Saturday, May 31, 2014
that our words aren't always the most important thing.
We know the story. Mary was sitting at Jesus' feet, oblivious to the vibes of resentment from her sister, until Martha snapped, "Aren't you going to do anything and make her help me?" And Jesus compassionately replied, "You're worried and distracted about many things, Martha, and Mary has made a good choice which won't be taken away from her."
I sometimes wonder exactly what Jesus was saying that held Mary so enthralled that day. Was he giving a wrap-up of stories he'd told all week, in streets, temples and mountaintops? Or was it something entirely new? What if it was some unique story Mary was the only person privileged to have heard. If so, I wish it had made its way into the pages of the Bible. If whatever he was saying had the power to draw Mary in completely, I'm sure it would have done the same for us.
Why did the Gospel authors used the occasion to hone in not on what Jesus said, but on the interaction between him and the two sisters? Maybe they weren't part of what was being said and didn't hear.
What of Mary herself? Even though she was praised by Jesus for making the right choice, what did she do with her reflective nature that we're aware of? There is no recorded result of her pondering, no 'Book of Mary' in which her thoughts are left in print for our benefit.
If she was like me, would that have bothered her? I like the idea of leaving several solid books and a trail of blog posts so that anyone who may be remotely interested may know my heart. Sharing is what we were made for, right? That makes this incident even stranger. We have no record of what Jesus was saying to her that day, and no record of Mary's words ever. Why is that?
A possible answer came to me this week as I was browsing Facebook. It is the week of Maya Angelou's death. She was a beloved poet, novelist and civil rights advocate, and a few friends shared some of her quotes. Here is the end of one of them. I've learned that people will forget what you said, people will forget what you did, but people will never forget how you made them feel.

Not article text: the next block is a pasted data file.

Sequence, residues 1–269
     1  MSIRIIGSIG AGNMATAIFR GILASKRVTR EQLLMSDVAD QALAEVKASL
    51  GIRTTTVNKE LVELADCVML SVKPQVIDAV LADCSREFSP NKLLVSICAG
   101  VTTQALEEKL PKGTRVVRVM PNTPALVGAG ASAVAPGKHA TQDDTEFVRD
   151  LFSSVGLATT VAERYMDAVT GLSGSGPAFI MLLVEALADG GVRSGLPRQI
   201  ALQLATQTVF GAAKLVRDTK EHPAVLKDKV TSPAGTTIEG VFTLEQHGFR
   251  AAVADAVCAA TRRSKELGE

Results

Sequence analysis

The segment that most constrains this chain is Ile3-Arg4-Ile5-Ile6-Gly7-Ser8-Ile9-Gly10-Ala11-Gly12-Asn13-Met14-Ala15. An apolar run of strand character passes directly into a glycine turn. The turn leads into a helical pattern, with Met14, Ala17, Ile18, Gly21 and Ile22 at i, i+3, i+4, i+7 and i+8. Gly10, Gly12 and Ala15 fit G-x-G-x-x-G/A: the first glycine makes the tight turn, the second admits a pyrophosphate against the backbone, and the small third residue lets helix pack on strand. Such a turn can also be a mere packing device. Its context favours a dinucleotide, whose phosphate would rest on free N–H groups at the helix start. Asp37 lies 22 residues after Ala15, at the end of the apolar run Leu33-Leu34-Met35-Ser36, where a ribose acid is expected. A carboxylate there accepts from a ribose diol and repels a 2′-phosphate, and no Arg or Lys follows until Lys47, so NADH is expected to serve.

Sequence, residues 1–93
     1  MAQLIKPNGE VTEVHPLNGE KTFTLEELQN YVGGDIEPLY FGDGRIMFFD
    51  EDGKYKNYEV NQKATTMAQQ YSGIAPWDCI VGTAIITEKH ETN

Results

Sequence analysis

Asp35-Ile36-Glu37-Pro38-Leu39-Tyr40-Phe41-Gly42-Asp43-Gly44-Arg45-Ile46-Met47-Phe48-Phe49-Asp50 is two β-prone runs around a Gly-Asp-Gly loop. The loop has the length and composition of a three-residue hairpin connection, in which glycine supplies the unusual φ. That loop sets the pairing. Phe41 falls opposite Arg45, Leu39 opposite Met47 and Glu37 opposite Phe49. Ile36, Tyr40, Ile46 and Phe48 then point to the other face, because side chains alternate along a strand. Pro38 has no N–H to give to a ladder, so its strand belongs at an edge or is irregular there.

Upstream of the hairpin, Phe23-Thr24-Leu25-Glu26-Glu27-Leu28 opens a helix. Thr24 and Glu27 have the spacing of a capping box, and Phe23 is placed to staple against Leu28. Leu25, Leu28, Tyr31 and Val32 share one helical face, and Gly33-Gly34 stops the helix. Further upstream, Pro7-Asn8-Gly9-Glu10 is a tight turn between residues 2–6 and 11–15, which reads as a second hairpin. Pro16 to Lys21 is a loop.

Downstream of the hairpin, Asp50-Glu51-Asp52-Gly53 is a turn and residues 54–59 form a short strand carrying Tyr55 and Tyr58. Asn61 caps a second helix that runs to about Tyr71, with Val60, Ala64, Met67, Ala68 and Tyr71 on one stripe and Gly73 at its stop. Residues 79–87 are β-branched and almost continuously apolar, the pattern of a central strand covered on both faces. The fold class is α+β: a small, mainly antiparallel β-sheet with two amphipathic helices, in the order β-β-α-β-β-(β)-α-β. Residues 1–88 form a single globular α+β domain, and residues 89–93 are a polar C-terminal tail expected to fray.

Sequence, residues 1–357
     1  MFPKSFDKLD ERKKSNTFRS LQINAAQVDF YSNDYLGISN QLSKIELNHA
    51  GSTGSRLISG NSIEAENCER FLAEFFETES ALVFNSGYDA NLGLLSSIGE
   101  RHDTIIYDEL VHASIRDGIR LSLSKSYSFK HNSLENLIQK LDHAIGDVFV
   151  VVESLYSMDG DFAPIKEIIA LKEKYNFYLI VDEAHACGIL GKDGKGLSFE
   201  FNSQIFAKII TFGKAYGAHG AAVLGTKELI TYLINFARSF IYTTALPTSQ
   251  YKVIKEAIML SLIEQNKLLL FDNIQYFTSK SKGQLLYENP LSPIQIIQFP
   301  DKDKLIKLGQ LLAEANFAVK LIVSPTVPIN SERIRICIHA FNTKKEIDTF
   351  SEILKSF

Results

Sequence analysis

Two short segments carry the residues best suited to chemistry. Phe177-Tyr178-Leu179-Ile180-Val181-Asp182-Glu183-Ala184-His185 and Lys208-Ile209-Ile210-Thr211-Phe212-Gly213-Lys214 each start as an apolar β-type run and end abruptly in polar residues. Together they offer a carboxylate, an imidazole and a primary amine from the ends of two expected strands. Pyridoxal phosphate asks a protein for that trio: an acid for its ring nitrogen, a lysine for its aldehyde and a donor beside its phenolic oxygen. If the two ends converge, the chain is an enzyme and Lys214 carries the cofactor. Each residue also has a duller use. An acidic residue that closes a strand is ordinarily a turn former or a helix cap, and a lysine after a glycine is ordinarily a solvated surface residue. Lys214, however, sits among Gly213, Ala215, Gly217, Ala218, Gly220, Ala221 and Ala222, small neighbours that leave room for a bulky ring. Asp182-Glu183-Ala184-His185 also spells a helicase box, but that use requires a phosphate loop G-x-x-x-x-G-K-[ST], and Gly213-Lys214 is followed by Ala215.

That's it! That's what this story shows. I've been brought up wanting to always read and study things, but that wasn't the point of this incident featuring Jesus, Mary and Martha. Jesus' words didn't need to be recorded every single time. We still get a glimpse into who he was - somebody who could make Mary drop everything just because she found him so compelling and believed him to be the promised Messiah, and God's own Son. It was how he made her feel.
And as far as Mary was concerned, the point of the incident is not that she went off and processed whatever he told her in her own way. It was who she was. A person who sensed the truth about him, loved him and honoured him in a time when local bigwigs were instructing folk to do the opposite. She was a person who later honoured what she knew in her heart by tipping a whole bottle of sweet smelling nard over his feet. We don't remember her for any words she wrote or was recorded to have spoken, but for who she was, and how she makes us feel. She's a person we remember solely for her reaction to who he was.
Mary makes me feel happy and warm when I think of her, because of what she stands for. She had no performance mentality and shows us that we needn't either. She had no agenda to earn herself a following. She was just herself, living her normal life and responding with worship and thankfulness to what she knew was true. When I think of it like this, I'm glad, in a way, that she didn't leave any writing or records of speeches. She reminds us that all that extra stuff is just peripheral in our lives too, because as Maya Angelou said, our legacy is in what we are and how others feel/felt when around us.
Here is another of my reflections concerning Mary and Martha.
And here is a review I've written about a recent novel featuring them.